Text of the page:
But then came the crash of 2000, with massive layoffs followed by a jobless recovery, and the laws of capitalism began to reassert themselves. Washington went from being an open advocate of empire to prisoner of the quagmire in Iraq. It has to face the fact that the independent countries of the world refuse to bow down and surrender their sovereignty and right to self-determination and self- defense.

The world is too big for the U.S. to conquer. The masses of people in the 21st century, having passed through almost a century of revolution and national liberation struggles, are on a far higher cultural, technical and technological level than were the masses of the 19th and early 20th centuries, when imperialism first triumphed and divided up the world. In the course of globalization, i.e., of expanding its exploitation, capitalism has not only brought into existence a vast new working class but has necessarily supplied it with technological and military knowhow. The very means of exploitation will be turned against the bourgeoisie and become the means of liberation.

The more it attempts to conquer the world, the more its fundamental strategic weakness, its “feet of clay,” will become apparent. To prepare for the crises and opportunities ahead, the movement must go back to Marx and Lenin, must arm itself ideologically, so that it can intervene and help guide the coming struggle of the workers and oppressed to class victory.

The collapse of the USSR did not abolish the fundamental contradictions of capitalism that gave rise to the Bolshevik revolution in the first place. In an irony of history, the collapse of the USSR, by removing many barriers to a new phase in the global development of capitalism and imperialism, has accelerated the globalization of imperialism, which is rapidly laying the material and social basis for the next phase in the struggle for world socialism.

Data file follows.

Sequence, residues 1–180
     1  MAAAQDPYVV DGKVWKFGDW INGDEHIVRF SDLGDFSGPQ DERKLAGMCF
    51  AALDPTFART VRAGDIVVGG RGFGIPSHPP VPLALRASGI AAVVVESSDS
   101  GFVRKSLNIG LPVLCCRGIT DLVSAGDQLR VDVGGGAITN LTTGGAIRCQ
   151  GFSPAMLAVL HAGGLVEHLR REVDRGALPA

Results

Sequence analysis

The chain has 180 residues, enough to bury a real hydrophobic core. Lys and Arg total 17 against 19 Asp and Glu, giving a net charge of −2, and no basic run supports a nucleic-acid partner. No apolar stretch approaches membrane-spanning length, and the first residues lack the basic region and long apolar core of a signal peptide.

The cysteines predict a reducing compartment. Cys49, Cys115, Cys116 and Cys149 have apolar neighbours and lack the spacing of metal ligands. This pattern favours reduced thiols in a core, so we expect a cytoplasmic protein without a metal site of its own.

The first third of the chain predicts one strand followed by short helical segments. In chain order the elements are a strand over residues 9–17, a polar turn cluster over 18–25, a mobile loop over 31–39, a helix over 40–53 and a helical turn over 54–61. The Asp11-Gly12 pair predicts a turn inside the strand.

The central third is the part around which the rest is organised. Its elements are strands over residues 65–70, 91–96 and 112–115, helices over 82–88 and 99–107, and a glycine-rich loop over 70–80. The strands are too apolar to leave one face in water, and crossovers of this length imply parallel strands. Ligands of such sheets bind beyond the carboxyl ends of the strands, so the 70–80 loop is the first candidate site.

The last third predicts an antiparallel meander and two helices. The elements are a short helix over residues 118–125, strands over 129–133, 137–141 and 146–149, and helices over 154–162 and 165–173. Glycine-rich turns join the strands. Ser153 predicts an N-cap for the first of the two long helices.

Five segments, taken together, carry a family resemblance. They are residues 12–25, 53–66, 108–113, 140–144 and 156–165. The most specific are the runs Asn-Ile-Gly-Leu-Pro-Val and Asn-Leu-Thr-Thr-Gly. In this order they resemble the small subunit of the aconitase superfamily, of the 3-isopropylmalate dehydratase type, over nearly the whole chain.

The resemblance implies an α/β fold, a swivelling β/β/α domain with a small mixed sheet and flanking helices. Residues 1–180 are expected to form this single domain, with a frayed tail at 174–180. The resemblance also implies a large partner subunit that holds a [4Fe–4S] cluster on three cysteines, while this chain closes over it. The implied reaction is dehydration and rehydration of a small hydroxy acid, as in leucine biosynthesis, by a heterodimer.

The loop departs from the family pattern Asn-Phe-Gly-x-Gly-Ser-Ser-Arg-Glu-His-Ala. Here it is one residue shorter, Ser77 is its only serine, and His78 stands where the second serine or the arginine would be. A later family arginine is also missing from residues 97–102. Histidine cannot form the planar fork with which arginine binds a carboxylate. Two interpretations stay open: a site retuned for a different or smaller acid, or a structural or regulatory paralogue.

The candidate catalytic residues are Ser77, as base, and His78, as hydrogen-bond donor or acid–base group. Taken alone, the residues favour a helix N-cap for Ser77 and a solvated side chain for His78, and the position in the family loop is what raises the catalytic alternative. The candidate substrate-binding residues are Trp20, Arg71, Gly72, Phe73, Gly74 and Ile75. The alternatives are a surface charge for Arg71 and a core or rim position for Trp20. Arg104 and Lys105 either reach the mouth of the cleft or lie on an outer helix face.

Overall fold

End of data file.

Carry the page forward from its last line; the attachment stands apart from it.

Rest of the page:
Concerns of masses shut out of impeachment hearings

By Fred Goldstein.

Nov. 16 — The Democratic Party leadership has chained the progressive masses to a defense of U.S. ruling-class militarism as the price for impeaching Trump. 

Tens of millions in this country and around the world justifiably want to see the right-wing bully, racist, misogynist bigot Trump brought down. But they are being forced to choose between Trump, who wants to blame his troubles on Ukraine, and the camp that wants to attack Russia.

This a completely false and dead-end choice.

This line of argument has been set forth by Nancy Pelosi, Steny Hoyer, Adam Shiff and company, their lawyers and their corporate backers. The political masterminds behind this impeachment strategy have set up the proceedings to be especially harmful to the workers and the oppressed.

Legitimate reasons to want Trump out

Let us recount some of the legitimate reasons that people want to get rid of Trump. 

He called Mexicans rapists and criminals on his first day running for office and has continued to vilify immigrants ever since. He has forced migrants fleeing gangs and death squads fostered by puppet imperialist governments away from the U.S. southern border. 

Trump cruelly separated families at the border, put children in cages and moved children and parents hundreds of miles apart without any way of reuniting them. And he has waged a war on Black and Latinx immigrants, calling Africa and Haiti “shithole” countries, and more.

Trump also tried to ban Muslims from the country. He has been sued by 14 women for sexual assault. He has bragged about abusing women and grabbing their genitals.